Coworking is often associated with enhanced team productivity and innovation due to collaborative working. How can R&D teams – a key internal resource for the company’s innovation – benefit from coworking?
More than half a million people around the world work from 10,000 different coworking offices.
Coworking places are defined as membership-based workspaces where entrepreneurs, remote workers, independent professionals and other diverse groups work together in a shared, communal setting.
Access to external networks
Although it is often inspiring design and energy that is attributed to coworking places, one key attribute of such an environment is access to external social networks. Think about working under one roof with tech start-ups, marketing specialists, IP lawyers, clinical researchers, management consultants to name a few. All of that diverse knowledge and experience sitting next to you.
Research in social networks explains how a coworking space could become a collaboration opportunity and enhance innovation.
Jill E. Perry-Smith, a professor at Emory University, studied researchers in the United States focusing on various technology areas ranging from information technology to aerospace engineering.
Perry-Smith found that weak connections facilitate creativity and that strong ties do not. She explains that exposure to a more diverse set of direct contacts may facilitate a variety of cognitive processes. In contrast, strong networks, amongst which your work colleagues are, may lead to conformity and result in a lack of a different perspective on your business problem.
Problem solvers in other markets
Nikolaus Franke, Professor at WU Vienna University of Economics and Business, together with his colleagues Marion K. Poetz and Martin Schreier, found that problem solvers from “analogous” markets – that are distant but share a similar problems – provided more novel solutions than problem solvers with expertise in the area for which new products are to be developed.
Analogous markets are those that share a related problem, but where the producers, products, use contexts and customers differ substantially.
These findings suggest that it might pay to search across firm-external sources of innovation that were before out of scope for most managers.
Inspiration from diverse communities
Coworking is becoming popular in the corporate world as companies realise that giving opportunity for their employees to work within those diverse and vibrant communities can tap into external sources of innovation.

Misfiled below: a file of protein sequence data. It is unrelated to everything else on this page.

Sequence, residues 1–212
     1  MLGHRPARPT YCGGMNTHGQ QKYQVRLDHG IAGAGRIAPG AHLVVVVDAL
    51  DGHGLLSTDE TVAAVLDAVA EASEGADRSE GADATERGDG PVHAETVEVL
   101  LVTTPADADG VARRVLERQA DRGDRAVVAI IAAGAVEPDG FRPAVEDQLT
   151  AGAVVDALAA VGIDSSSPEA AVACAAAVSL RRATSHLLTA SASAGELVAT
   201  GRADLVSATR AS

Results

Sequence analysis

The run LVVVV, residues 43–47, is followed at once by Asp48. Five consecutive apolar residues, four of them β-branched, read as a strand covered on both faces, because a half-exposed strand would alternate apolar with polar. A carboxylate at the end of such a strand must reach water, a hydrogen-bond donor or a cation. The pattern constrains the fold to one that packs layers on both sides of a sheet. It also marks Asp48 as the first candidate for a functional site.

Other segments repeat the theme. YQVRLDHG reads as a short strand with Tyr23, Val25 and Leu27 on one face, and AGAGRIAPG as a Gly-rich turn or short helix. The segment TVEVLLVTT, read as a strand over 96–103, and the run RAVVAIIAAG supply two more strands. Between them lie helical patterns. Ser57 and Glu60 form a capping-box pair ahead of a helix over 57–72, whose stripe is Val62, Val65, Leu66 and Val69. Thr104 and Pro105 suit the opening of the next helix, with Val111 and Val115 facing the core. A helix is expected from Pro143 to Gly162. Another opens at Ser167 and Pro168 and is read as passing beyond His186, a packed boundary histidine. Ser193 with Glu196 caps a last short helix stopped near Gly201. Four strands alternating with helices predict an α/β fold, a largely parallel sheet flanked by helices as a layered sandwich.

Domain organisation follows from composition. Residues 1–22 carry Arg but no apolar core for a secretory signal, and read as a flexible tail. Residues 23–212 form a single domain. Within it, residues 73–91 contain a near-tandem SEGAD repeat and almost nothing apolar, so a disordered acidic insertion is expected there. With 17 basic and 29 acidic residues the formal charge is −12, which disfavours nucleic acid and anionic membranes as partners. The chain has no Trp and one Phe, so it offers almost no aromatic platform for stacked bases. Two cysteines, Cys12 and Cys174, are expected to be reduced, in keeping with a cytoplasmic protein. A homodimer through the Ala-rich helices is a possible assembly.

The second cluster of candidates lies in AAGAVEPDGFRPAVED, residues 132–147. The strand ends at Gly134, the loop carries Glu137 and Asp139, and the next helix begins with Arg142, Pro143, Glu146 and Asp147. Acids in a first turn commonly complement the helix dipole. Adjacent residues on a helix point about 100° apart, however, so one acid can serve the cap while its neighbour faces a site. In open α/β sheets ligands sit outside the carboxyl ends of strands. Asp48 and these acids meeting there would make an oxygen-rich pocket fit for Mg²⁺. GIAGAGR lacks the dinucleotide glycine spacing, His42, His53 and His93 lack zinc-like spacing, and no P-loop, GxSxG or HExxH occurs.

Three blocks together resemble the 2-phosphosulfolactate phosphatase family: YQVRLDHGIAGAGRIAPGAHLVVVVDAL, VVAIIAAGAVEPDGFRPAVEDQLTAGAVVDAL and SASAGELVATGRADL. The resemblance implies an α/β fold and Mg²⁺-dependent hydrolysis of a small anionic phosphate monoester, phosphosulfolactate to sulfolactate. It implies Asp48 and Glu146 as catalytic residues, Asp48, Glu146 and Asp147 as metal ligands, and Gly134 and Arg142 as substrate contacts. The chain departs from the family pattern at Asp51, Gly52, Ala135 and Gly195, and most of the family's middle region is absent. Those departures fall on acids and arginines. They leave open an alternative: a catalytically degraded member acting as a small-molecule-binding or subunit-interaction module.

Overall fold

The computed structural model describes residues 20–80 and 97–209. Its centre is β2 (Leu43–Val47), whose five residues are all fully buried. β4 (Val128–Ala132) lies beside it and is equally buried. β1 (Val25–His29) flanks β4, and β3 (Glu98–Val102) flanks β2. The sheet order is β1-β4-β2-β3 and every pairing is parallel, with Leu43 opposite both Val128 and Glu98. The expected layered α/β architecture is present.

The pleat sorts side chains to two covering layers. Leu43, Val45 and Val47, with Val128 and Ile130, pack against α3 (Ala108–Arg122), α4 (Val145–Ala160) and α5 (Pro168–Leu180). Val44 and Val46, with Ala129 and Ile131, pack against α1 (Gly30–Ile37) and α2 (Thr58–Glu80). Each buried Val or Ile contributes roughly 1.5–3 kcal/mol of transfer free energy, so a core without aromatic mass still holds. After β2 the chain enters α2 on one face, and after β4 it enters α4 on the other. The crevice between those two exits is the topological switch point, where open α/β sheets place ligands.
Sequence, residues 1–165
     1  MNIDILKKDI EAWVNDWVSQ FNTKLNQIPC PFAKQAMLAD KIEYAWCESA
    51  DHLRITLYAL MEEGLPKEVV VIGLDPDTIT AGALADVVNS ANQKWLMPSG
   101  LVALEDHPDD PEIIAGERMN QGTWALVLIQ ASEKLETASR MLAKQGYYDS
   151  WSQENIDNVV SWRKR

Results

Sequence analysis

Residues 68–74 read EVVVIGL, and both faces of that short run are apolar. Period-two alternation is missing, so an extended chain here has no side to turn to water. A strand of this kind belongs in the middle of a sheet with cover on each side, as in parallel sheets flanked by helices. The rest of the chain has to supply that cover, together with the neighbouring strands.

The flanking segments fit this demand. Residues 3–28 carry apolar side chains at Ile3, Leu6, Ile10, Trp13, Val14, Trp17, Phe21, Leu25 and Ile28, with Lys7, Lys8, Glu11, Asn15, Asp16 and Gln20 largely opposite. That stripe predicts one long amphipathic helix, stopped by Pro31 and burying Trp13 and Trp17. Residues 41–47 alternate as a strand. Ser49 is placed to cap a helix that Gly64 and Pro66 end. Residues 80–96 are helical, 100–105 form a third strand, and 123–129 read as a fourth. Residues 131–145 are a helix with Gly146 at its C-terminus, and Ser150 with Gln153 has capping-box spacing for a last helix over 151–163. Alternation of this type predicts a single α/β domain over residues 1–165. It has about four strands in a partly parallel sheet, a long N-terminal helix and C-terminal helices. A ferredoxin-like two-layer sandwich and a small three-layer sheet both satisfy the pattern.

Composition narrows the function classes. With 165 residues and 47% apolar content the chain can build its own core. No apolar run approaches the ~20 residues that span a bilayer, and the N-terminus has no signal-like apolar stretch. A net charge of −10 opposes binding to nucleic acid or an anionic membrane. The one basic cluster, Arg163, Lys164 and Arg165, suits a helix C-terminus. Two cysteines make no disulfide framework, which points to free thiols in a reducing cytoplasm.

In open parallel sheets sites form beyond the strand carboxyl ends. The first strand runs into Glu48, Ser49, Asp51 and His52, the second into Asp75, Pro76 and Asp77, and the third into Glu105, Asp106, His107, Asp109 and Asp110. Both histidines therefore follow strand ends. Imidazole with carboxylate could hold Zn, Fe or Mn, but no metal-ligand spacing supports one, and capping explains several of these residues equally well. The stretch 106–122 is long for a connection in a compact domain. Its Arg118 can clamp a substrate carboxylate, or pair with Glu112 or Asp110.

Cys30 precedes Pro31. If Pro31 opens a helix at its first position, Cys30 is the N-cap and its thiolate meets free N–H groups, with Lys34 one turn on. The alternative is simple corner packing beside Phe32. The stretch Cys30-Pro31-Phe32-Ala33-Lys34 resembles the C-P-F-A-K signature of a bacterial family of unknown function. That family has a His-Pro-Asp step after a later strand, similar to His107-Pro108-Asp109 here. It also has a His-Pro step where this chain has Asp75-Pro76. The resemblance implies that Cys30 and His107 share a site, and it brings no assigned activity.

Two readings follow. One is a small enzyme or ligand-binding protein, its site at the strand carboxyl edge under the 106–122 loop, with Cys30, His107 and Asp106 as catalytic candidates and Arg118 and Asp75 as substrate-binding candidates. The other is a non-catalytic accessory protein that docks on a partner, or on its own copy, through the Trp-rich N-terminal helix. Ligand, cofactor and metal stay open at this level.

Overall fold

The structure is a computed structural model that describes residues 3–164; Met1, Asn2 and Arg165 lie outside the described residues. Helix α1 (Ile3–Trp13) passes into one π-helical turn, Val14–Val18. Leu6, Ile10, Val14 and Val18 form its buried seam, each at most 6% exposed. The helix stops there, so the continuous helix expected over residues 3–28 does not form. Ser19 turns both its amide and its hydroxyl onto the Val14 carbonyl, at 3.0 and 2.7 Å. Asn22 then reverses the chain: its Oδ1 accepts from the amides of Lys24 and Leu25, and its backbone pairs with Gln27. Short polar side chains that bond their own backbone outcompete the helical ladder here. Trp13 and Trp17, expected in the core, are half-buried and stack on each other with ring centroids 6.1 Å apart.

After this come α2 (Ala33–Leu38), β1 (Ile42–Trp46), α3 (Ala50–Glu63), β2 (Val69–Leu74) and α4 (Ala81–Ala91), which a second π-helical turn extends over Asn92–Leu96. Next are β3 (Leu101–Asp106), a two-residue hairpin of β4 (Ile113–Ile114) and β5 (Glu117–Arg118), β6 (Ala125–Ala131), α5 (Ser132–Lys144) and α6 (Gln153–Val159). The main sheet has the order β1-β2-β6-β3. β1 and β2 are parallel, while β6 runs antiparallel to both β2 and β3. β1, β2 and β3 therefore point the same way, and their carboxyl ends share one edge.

Not surprisingly, corporations such as Visa and Chicago Tribune send their employees to Grind, a hub based in New York and Chicago. Ricoh’s innovation team spent time in Next Space, a coworking space based in Santa Cruz, where they were inspired and developed a new solution for paperless meetings – Smart Presenter.
Maria Trindade, a Development Director at Impact Hub King’s Cross in London tells that over the years their members included, amongst others, companies such as Ecover, Heinz, Diageo, and Macmillan.
Giles Jepson, CMO at Heinz UK, shares his team experience at Impact Hub King’s Cross:
“With a strong business concentrated in mature categories and a track record of consistent delivery, in September 2011 Heinz launched a new growth and innovation business model to further step-change transformational shift.
“I was challenged to set up a new Explore team at arms-length from the main business to focus on potential new sources of growth. When I discovered the Hub, I knew I had come to the right place.
“New growth comes from innovations that meet real social needs, ideally in new ways. The Hub is populated with budding young social entrepreneurs who think this way – and being amongst them has led to new opportunities for Heinz we previously would never have imagined existed.”
Collaborating with disruptive start-ups
In addition to spending time on digital innovation platforms, there are different ways how established R&D teams can collaborate with potentially disruptive start-ups.
Large organisations can support individual team members spending one or two days a week working from a coworking space with access to business acceleration programmes, hackathons and networking events. R&D teams can also develop joint projects with entrepreneurs, start-ups and innovation leaders.
However, such partnerships will not happen just by physically being in a quirky environment. Open mindedness, willingness to find a common ground and long term orientation are prerequisites for collaboration to happen in a coworking space.
Written by Dr Ieva Martinaityte,
Lecturer in Business Management at the University of East Anglia
Reference: Perry-Smith, J. E. (2006). Social Yet Creative: The Role Of Social Relationships In Facilitating Individual Creativity, Academy of Management, 49: 85-101.